Yahoo! CEO Scott Thompson was fired a few weeks ago and suffered excruciating personal embarrassment when it was revealed he claimed he had an academic degree he never earned.
He had been on the job for a mere four months.
Thompson claimed to hold a bachelor’s degree in both accounting and computer science from Stonehill College, when in reality he only held an accounting degree.
While adding an entire degree to your resume is an extreme version of resume padding, DU students can still learn from Thompson’s example. We all like to embellish our resumes a little bit.
We make that club we joined freshman year (and only went to the meetings twice) sound a little bit more prestigious than it was, and we include that honor society that only accepted us based on our GPA and willingness to pay the fee. There’s nothing wrong with sprucing up our resumes a bit, but there comes a point when enough is enough.
Thompson clearly felt that his resume wasn’t good enough for the types of jobs he was applying for.
But he was already qualified for the job, having been the president of the eBay subsidiary. Perhaps he may not have gotten the job without his padded resume, but he likely would have. Either way, he wouldn’t have been stuck jobless.
Students often fear the shame of unemployment after graduation, but we too should focus on our real and abundant qualifications and leave out the little things that don’t add to our professional experience. It’s important we know what really qualifies us for the jobs we are applying for. Most employers can see right through a resume.
They know what’s important and what’s not. The important things are the long term commitments we make with the things we are truly passionate about – working on a presidential campaign, volunteering with a non-profit that we care about, an internship in the field we want to work in.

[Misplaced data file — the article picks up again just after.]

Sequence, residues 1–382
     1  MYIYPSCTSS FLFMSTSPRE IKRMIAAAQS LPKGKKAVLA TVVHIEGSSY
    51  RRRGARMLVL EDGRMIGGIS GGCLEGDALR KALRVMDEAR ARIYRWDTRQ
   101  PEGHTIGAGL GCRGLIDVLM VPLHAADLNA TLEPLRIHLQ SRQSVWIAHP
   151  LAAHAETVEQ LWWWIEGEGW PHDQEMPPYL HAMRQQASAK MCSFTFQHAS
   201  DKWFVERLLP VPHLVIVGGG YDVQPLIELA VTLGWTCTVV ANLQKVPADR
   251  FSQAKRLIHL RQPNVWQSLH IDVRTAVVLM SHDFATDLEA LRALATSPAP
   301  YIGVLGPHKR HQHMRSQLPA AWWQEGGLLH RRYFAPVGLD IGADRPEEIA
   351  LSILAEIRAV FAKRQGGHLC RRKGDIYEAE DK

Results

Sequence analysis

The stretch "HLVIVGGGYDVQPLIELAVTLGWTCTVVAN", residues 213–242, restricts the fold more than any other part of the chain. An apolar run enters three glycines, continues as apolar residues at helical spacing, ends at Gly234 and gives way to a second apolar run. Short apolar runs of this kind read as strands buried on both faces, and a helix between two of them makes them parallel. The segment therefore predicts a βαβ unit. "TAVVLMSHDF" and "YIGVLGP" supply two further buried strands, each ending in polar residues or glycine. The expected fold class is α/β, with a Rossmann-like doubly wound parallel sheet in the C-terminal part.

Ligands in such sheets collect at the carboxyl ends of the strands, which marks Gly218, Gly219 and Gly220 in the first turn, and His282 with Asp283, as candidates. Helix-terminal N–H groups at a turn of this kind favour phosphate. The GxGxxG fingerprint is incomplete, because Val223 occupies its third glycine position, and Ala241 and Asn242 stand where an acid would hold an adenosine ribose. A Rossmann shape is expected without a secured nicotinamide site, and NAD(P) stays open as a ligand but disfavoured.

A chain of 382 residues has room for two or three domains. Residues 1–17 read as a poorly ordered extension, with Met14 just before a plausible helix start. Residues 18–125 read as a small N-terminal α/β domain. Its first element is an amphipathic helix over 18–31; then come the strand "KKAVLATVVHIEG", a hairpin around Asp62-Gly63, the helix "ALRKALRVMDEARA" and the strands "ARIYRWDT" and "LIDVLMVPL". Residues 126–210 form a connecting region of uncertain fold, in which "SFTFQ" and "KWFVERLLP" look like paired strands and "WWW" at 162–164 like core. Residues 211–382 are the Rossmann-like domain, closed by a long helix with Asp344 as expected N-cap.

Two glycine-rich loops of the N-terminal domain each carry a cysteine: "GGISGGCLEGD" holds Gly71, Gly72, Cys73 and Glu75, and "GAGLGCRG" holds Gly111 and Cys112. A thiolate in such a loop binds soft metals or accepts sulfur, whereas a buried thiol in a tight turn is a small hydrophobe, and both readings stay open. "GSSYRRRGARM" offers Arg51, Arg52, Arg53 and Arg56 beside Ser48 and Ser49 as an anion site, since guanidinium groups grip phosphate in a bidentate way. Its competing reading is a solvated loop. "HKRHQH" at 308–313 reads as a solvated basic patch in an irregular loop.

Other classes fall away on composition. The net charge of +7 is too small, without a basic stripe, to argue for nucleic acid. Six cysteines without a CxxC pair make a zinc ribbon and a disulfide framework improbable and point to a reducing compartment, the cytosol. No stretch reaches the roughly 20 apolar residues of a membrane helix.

These kinds of things on a resume go much farther than a bunch of clubs from high school stacked on top of each other.
If an employer sees a never-ending list of things you have been involved in, they are more likely to toss all of them out as tacky resume add-ons rather than notice the ones that really count.
Even if an employer falls for all of your resume embellishments and hires you because of them, they’ll be disappointed and unimpressed when they discover that you’re not the rock star you claimed to be. That’s what happened to Thompson.
As accomplished students, there is simply no reason to fib on a resume.
Our real accomplishments should be enough to get us a decent job. If yours aren’t, then maybe you need to get out and get some real experience.
Go ahead and add that honor society from freshman year if you think it truly added to your character, and if you really were involved in cooking club, then there’s no reason not to include that as well.
If it was insignificant to you, it’ll be insignificant to employers as well.
Whatever you do, don’t follow in Thompson’s footsteps and flat-out lie, because that will only jeopardize your job as well as your credibility.